20 shops, exchanging drafts of initial access letters.

21 With their October 2001 announcement DOJ has

22 affirmatively indicated that they want to make

23 greater use, more effective use of the initial 30-

24 day waiting period, and we're discussing with them

25 types of things that we routinely seek in the

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1 initial period.

2 Also emphasizing to staff that we need to

3 be ready with those letters as soon as we get

4 clearance, so it's not something we should be

5 thinking about after clearance is obtained.

6 But they need to be focused on the industry

7 we're dealing with, focused on the nature of the

8 transaction, are there vertical issues, horizontal

9 issues, is it a regulated industry, is it high-

10 tech. So a standard form access letter I think

11 would be problematic.

12 But a checklist of the types of things we

13 will -- you can expect us to be asking for and the

14 types of things you should be assembling, including

15 the names of customers, contact people, phone

16 numbers, addresses for top customers for the

17 overlapped products.

18 Other routine things we ask for would be

19 most recent business plans, any analyses of the

20 acquisition, any industry -- or consultant studies

21 or reports about the industry. Those would be --

22 and product brochures, if it's a product where a

23 widget, we don't know what a widget is so give us

24 something to show us what that is.

25 Those would be the key elements that we

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1 would seek.

2 And also preliminary market share or

3 competition share information in terms of what are

4 the overlap products. If we ask for market share

5 we get a debate, well, it's not a market, who knows

6 what the market is, we don't track market shares.

7 Well, most companies have an estimate of what the

8 universe sales figure is.

9 And depending on the nature of the product,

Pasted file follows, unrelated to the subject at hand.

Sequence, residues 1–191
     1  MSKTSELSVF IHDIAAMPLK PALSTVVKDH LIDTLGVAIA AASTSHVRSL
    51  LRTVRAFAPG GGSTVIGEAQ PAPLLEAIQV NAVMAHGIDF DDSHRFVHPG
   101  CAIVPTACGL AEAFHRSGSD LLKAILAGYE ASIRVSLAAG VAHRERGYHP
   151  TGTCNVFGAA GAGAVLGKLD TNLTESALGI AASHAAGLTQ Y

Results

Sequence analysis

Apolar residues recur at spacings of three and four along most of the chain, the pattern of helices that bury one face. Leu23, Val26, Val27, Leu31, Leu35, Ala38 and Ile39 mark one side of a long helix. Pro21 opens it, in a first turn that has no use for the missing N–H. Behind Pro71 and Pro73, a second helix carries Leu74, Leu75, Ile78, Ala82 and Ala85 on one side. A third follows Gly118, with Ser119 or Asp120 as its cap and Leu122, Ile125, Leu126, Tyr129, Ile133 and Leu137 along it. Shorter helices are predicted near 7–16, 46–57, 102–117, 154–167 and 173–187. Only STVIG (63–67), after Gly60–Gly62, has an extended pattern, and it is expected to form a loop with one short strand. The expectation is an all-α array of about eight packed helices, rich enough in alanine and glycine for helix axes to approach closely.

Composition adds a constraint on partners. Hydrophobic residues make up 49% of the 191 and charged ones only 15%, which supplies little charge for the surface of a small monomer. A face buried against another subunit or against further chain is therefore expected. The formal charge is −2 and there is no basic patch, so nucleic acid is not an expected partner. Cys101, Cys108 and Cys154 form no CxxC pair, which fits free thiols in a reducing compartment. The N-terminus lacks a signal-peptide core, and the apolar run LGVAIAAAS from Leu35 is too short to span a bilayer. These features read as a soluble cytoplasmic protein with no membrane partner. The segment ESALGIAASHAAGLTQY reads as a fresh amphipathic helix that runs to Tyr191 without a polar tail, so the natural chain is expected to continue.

10 we'd also be interested in capacity and production

11 figures, identify who the competition is, i.e. who

12 are the people that do that stuff. And do you have

13 estimates of what their capacities are, what their

14 production is, what their sales are, and from that

15 we can calculate market shares. Or maybe you don't

16 have those figures but you do have market share

17 guesstimates, and then we can talk later about what

18 the basis of those is and how reliable they are.

19 MR. COWIE: Gil, do you regret having asked

20 that question? Because it sounds like Rhett wants

21 a C-O (inaudible).

22 MR. OLEANNA: That's the other question, is

23 the concern is that (inaudible) suggested

24 (inaudible).

25 MR. KRULLA: We try to keep these short,

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1 the time frames are shorter than for a second

2 request. But in any given transaction we may have

3 had another transaction in the industry say four

4 years ago, we may want to go back and look at what

5 the competitive environment was prior to and

6 following that transaction, so there may be a

7 particular reason in that first 30-day period to

8 look more deeply at a particular case.

9 MR. HOFFMAN: Anybody else have any

10 thoughts on the initial waiting period? Or we can

11 turn and talk a little bit about the second request

12 itself. Mike, I'll lay it on the table.

13 MR. COWIE: Well, the main purpose here is

14 to get criticism and this certainly won't -- we

15 deal with the subject of the content and scope of

16 the second request, that's an area where I expect

17 some of you have some concerns or criticisms or

18 recommendations.

19 Are there issues concerning the second

20 request instructions, the type of information we're

21 asking for, the nature of the records we're asking

22 for that any of you think is overly burdensome and

23 not worth the effort? We'd be interested in

24 hearing about that.

25 MR. SUTIS: Bob Sutis from Hewlett Packard.

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1 Certainly back-up detail systems are, from

2 Hewlett Packard's point of view I think asking for

3 backup e-mail system tapes is pretty much an idle

4 exercise. There is no way to search those backup

5 archive systems by the nature of those systems, and

6 so you spend an enormous amount of time and energy

7 in trying to produce those systems for almost no

8 return.

9 MR. COWIE: Well, why we maintain that,

10 what we're encountering, Bob, are situations where

11 companies are becoming more sophisticated at

12 imposing involuntary e-mail deletion programs. So

13 in other words, employees have no choice but to see

14 their e-mail every two or three months be deleted.